"Miracle Boy" continues amazing recovery from accident
Whether it is working on balance, playing checkers or re-learning how to make food in the kitchen, Randon Timmons must wear a helmet. And, he isn't happy about it.
"I hate wearing this helmet while I work out," Timmons said during his physical therapy session at Rehabilitation Hospital in Fort Wayne. "There's no reason why I have to. It's just that I got to."
"We have to protect your brain. You've got to have the helmet," responded physical therapist Marie Berghoff.
Ironically, Timmons is wearing a helmet now because he wasn't wearing one the day his life changed.
"They were doing what they call 'skitching.' Hitching a ride with a skateboard," said Van Buren Town Marshal Pat Collins.
"He was holding onto the back of a car," said Randon's father Randy Timmons. "The driver, which was an 18-year old, told him to grab on and took off at a fairly high rate of speed."
"He was just going fast and I hit, like a bump, and I did a flip," said Randon Timmons.
"Randon lost his balance and tumbled, hit the pavement," said Randy Timmons.
By the time Dr. Walter Jacobsen saw him in the emergency room, "His brain activity was almost gone."
Randon was in grave condition when he underwent surgery. Surgeons removed the skull completely to give Brandon's brain space to swell.
"We didn't think he was going to make it. We thought that was the end. And we were going to have to go to a funeral," said Van Buren resident Angie Wright.
Randy Timmons stayed at his son's bedside.
"All night long, I just held onto him, telling him how much I loved him and to stay with me. 'Don't leave me. Stay with me'," said Randy Timmons who thought about the other tragedies that he has dealt with in his life.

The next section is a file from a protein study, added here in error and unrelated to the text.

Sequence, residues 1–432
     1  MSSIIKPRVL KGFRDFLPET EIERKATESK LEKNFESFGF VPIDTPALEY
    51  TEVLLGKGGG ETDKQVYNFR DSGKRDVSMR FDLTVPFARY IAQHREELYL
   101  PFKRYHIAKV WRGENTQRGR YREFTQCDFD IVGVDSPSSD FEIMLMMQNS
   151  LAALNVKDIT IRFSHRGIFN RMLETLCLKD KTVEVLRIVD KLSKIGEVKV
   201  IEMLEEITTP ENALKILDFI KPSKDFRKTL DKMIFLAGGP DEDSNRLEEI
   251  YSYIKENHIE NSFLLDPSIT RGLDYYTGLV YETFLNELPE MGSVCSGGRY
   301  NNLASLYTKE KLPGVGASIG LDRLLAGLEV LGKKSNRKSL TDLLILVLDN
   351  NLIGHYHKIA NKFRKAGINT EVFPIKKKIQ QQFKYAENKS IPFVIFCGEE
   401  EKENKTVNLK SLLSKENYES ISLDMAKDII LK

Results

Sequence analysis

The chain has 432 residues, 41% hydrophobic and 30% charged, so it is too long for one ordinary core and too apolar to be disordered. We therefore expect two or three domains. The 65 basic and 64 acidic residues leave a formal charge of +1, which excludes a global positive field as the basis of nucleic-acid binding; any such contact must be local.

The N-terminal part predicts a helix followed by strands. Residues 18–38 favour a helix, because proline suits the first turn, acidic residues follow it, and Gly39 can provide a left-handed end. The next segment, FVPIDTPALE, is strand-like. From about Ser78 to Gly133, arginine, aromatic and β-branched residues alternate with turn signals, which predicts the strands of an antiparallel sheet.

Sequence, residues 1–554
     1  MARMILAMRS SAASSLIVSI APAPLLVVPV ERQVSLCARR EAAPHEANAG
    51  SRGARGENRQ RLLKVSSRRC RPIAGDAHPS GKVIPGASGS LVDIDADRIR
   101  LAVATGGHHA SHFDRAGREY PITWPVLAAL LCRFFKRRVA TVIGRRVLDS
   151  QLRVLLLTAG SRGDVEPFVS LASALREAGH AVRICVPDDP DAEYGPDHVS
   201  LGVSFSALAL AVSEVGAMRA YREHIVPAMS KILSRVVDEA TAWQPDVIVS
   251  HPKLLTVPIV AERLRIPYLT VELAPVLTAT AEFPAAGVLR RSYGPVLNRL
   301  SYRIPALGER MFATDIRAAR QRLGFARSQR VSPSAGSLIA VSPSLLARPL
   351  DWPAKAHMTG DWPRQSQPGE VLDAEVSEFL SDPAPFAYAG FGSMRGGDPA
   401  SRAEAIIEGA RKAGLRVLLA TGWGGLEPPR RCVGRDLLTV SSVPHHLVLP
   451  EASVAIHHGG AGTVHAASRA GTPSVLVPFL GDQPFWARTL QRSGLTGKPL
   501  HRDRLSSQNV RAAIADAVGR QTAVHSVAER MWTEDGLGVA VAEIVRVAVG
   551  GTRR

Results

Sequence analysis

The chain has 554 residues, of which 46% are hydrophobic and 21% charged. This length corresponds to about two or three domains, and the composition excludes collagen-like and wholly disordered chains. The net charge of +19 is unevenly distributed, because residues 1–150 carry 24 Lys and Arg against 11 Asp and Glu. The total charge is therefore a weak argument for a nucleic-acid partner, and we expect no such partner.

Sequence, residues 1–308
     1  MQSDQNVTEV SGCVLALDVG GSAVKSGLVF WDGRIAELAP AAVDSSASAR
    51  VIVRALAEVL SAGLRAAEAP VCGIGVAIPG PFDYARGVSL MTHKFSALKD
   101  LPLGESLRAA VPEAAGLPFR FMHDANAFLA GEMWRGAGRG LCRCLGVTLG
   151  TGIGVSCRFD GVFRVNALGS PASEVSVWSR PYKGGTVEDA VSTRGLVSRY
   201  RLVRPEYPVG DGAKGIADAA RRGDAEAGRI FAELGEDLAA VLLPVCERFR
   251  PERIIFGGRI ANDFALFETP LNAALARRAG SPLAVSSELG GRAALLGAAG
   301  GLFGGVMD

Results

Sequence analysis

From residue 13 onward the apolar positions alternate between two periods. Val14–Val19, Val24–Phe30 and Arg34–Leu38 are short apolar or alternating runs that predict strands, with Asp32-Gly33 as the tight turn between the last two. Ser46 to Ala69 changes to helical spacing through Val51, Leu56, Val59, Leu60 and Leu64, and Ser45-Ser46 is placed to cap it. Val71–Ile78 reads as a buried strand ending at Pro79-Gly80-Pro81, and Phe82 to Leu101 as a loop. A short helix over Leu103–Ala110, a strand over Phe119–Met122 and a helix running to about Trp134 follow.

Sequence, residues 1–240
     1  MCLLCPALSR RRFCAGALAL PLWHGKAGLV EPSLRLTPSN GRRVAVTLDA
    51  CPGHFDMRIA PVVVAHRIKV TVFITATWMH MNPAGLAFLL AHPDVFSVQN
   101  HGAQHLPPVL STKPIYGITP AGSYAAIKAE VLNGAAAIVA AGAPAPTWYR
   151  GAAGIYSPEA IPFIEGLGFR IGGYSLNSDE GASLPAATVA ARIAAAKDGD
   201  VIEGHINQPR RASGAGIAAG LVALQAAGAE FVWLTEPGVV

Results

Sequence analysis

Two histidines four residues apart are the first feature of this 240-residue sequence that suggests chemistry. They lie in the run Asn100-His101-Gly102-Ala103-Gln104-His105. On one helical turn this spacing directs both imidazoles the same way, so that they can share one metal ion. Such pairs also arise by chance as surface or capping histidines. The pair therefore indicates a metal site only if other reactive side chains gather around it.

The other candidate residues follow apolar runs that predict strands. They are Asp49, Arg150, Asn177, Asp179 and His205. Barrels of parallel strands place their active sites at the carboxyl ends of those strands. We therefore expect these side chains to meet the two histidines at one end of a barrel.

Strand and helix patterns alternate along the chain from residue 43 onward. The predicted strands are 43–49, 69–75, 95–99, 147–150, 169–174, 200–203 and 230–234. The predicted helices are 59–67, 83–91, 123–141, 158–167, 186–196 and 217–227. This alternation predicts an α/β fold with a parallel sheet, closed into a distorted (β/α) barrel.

"I lost my dad and my nine-year-old brother in a car accident in 1975, I questioned the Lord. Why a nine-year-old boy deserved to get slaughtered like that on the highway. Part of me died, too. I stayed that way for 23 years. I went to hell in a hand basket. The choice of life wasn't good. I didn't care no more. I didn't care if the sun rose the next day or not. I did not care," said Randy Timmons.
"His mother got pregnant with Randon. I came back to life again. I thought maybe the Lord has been with me, maybe all the bad, I couldn't see past that. The first night, Brandon clinging to life, I asked the Lord, I prayed if you're real, I need it proved to me. And, I need it proved to me now. And obviously, it's been proven to me," said Randy Timmons.
While his son lay in the hospital fighting for his life, his hometown rallied behind the injured teen.
"Van Buren is a small town. A lot of people don't know about it. But we have big hearts. And they love their friend Randon," said Van Buren resident Kelly Jones.
Residents launched a social media campaign to support Randon.
"We've had a prayer vigil. We had almost 80 people come out for that. Last Friday, we had a concert and a walkathon. We had over 80 people come out for that," said Jones.
The prayers worked.
"There are certainly miracles in everyday life. This is one of the major ones," said Dr. Jacobsen. "I think it's a miracle he's doing as well as he is. To be able to come out of it and do as well as he's doing now is dramatic. It's certainly miraculous."